A Feature by Sara Jewell
James Joyce is distinguished as being one of Ireland’s most famous authors as well as one of her most famous expatriates. Although Joyce actually died a British citizen – and famously wrote in his semi-autobiographical A Portrait of the Artist as a Young Man, ‘Ireland is the old sow that eats her farrow’ – all of Joyce’s major works take place in and around Dublin. Ulysses, for example, a book first serialised in the U.S. and published in Paris, is in part a walking map of early 20th century Dublin. Often considered the most important work in modern literature, Ulysses immortalised Ireland’s capital city for the whole world to read.
Despite Joyce’s importance in the world of literature and Irish culture, his final work Finnegans Wake remains shrouded in obscurity. Perhaps this is for good, or at least understandable, reasons; the book is written in a frenzy of highly sophisticated idioglossia, made up of compromised multilingual puns and portmanteaus. It remains an intimidating undertaking for the layman, often superseded by the relatively more accessible Ulysses. Nonetheless, the book has attracted considerable attention from various cultural icons, including author Anthony Burgess, composer John Cage, and mythologist Joseph Campbell.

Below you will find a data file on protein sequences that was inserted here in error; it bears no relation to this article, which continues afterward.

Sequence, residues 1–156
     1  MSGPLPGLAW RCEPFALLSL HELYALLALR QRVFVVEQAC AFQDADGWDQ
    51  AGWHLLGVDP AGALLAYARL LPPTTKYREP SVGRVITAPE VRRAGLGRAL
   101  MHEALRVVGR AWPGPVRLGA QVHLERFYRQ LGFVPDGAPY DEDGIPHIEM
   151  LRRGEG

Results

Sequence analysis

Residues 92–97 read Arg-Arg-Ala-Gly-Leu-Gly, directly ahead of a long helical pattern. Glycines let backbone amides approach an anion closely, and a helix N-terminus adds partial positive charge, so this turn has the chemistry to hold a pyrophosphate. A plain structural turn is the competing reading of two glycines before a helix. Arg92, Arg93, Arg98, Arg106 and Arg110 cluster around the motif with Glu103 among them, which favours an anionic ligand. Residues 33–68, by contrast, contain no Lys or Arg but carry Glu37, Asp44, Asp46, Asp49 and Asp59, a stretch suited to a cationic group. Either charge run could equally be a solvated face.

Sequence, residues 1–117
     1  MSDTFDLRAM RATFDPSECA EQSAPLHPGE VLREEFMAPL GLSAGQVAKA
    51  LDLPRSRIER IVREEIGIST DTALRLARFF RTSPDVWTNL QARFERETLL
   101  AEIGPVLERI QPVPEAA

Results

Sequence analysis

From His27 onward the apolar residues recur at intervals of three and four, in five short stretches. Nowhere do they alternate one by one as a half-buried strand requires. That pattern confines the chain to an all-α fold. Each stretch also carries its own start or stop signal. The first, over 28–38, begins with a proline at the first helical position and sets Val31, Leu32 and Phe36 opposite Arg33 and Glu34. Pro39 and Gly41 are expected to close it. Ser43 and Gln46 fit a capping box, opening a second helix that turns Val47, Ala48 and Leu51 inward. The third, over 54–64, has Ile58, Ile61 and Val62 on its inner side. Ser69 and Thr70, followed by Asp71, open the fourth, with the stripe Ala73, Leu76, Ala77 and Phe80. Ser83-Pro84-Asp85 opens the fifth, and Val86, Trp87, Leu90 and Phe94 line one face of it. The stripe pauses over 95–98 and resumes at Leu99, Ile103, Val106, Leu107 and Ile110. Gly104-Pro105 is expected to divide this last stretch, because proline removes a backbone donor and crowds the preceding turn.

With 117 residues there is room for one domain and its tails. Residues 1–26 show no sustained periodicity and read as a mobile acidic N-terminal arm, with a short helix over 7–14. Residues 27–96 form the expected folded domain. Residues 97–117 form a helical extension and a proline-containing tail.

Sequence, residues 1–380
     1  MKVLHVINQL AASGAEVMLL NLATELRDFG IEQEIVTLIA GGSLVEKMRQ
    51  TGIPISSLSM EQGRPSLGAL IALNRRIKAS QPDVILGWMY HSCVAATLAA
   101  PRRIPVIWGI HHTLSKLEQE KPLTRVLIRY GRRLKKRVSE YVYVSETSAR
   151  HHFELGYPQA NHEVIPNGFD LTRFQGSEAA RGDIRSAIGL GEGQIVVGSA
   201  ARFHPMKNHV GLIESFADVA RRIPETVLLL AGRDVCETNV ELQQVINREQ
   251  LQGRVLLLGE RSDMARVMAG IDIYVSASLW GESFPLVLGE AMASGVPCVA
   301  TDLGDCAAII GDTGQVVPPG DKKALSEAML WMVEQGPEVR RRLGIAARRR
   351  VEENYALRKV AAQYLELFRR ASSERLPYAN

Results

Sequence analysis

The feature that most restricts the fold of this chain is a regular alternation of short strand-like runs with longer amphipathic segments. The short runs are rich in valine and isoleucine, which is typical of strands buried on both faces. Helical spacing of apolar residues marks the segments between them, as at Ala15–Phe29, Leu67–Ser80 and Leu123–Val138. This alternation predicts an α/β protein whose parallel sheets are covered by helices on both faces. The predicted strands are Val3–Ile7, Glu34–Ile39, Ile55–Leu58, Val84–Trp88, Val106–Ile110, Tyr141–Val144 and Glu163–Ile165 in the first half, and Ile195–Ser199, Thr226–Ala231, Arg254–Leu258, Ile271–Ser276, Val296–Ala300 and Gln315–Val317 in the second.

The challenges of the Wake, however, are worth rising to meet. In the words of Joyce’s wife Nora Barnacle, reportedly remarking on the obituaries and memorandums following her husband’s death in 1941, ‘What’s all this talk about Ulysses?…Finnegans Wake is the important book.’ In recent years, a plethora of Joyce enthusiasts have begun elevating the Wake back to its rightful place on the global stage. Olwen Fouéré’s critically acclaimed Riverrun – a play based on theme of rivers throughout Finnegans Wake – has toured the world, including a month-long residency with the Sydney Theatre Company. In 2005, the Medicine Show Theatre Ensemble presented a musical adaptation of the Wake in New York City. In 2014, actor and Joyce enthusiast Adam Harvey successfully kickstarted a ‘one-man theatrical adaptation’ of the Wake to be performed in Manhattan and beyond.